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Roger Cardinal: The Clarity of Mud 2005

to accompany the exhibition The Clarity of Mud at the West Dean Estate ( 4th International Symposium on Surrealism supported by AHRC Centre For Surrealism & it's Legacies).



“The Fauna and Flora of Surrealism are not to be avowed”, wrote Andre Breton in 1924, alluding to the “dangerous landscapes” into which the imagination might venture once the mind escapes the bondage pf the utilitarian sense-making and it’s rigid categories. Surrealism is nothing if not a refusal to submit to routine perception, a call to arms to the faculty of invention, which happily bursts through arbitrary confines of the everyday. It’s signal achievement, throughout the history of it’s image-making, has been to validate a perspective upon the Outlandish, the Exotic, the Monstrous and the Uncanny.


The art of Kathy Fox opens landscapes of unexpected conjuncture and bewilderment. Her imagery speaks confidently of transfiguration and marvelling. It revels in unprecedented unions which, freely improvised, establish knots of giddy incoherence which, little by little, are drawn into a taut fabric of plausibility, converting the monstrous into the delightful, and translating the uncanny (as Freud once did} into the familiar.


At first blush, her paintings and objects seem playful, even skittish; yet her expressions have the capacity to tug at our attention and insinuate a secondary and deeper meaning. Those speckled proliferations, shaggy pelts and artless constellations are the hieroglyphs of a fresh order of understanding, the revelation of something elemental that intellect could never envisage.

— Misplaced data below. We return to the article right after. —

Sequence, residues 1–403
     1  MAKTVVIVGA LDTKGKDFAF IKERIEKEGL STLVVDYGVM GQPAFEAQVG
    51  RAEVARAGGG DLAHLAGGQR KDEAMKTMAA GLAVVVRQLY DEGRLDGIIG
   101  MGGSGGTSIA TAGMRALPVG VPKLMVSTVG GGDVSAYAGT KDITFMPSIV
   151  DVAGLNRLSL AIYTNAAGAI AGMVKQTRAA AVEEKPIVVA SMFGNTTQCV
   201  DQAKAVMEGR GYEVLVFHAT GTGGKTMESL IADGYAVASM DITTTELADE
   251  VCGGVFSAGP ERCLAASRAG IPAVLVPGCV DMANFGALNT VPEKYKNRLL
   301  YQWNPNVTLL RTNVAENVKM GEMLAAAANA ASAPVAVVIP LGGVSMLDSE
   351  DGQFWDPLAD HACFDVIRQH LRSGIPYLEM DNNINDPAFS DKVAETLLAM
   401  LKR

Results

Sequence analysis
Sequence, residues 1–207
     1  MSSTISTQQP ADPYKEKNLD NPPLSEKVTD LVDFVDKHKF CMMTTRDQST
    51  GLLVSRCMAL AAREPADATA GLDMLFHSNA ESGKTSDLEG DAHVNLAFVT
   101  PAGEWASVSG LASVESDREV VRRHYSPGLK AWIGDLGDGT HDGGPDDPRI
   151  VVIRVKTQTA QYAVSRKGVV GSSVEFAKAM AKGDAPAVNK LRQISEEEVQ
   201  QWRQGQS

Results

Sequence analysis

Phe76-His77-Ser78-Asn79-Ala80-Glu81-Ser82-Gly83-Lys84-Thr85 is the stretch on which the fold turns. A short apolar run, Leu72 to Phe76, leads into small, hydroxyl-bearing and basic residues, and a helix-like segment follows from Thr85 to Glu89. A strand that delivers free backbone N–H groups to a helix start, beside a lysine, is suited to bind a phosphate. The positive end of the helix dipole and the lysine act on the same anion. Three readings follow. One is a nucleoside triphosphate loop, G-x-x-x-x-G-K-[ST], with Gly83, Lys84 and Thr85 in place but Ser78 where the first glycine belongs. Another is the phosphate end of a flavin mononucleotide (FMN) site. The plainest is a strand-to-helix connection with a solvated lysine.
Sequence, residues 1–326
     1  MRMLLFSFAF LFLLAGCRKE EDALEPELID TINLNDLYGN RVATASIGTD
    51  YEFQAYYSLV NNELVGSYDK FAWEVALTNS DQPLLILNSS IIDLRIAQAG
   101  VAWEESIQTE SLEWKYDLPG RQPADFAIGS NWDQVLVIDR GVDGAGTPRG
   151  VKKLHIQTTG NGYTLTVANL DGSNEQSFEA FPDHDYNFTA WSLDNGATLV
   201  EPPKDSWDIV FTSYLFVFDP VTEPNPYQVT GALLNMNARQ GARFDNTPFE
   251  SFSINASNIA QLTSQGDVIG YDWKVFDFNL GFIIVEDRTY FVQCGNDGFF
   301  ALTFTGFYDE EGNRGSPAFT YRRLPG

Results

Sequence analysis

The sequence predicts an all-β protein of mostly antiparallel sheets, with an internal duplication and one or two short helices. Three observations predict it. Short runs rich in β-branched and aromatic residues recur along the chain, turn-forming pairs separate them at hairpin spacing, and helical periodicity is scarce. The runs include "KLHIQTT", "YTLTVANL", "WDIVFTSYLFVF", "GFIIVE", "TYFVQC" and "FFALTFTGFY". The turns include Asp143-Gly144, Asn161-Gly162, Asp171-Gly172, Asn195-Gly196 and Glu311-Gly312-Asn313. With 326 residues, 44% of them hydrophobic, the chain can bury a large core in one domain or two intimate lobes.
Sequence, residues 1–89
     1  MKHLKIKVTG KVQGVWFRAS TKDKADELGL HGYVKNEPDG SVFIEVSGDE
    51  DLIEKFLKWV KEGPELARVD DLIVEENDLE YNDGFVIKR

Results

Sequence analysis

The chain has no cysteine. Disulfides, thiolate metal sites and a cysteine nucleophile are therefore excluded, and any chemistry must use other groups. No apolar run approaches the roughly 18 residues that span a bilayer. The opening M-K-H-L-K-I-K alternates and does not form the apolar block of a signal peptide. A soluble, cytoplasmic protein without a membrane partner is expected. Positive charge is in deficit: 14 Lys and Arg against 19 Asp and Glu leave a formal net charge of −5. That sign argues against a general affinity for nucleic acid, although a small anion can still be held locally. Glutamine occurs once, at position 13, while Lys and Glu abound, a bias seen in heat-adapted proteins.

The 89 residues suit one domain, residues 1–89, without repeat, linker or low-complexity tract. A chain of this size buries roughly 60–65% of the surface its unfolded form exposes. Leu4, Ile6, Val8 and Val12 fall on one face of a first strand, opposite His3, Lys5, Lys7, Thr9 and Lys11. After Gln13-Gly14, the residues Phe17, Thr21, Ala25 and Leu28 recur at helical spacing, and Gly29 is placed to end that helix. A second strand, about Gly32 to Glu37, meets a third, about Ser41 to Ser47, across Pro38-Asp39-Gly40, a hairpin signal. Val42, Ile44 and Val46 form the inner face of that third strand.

As if plucking a thread that leads from Ovid through Buffon to Max Ernst, Kathy’s work encompasses a Natural History whose thousand and one tales of metamorphosis, symbiosis and dissolution converge upon a central theme, namely: the latent harmony which binds all things and propels us, as humans, into intimate dialogue with non-human. Her provocative metaphors speak of the constancy of change and demonstrate, in tireless variation, the power of imagination to return us to that dimension of warmth and touch from which our daily delusions have alienated us.

Inside the studio, the artist uses a range of form-finding techniques, including frottage, often exploiting the random textures of melted wax. These modes of automatism are complemented by singular practices of immersion and contemplation, as when she steps down the riverbank at Shoreham or Cuckmere Haven to collect fresh water and mud, as well as grass, shells and tiny living organisms. These are the primary sources of her recent images, in which inchoate riverine mire shivers beneath her gaze before gradually resolving into patterns and shapes, brought to clarity through the thoughtful intervention of a sinuous line, or, as in the remarkable Last Touch, by the addition of a tiny collaged fragment. Kathy insists that the essence of her art lies in the waiting – for it takes time for meanings to surface from beneath the layers spread before her.


It is this patient waiting which determines the pace at which these strangely compelling works come closer, the longer we look at them.



Her work is informed by Surrealism, African and Greek mythology and her readings in prehistory


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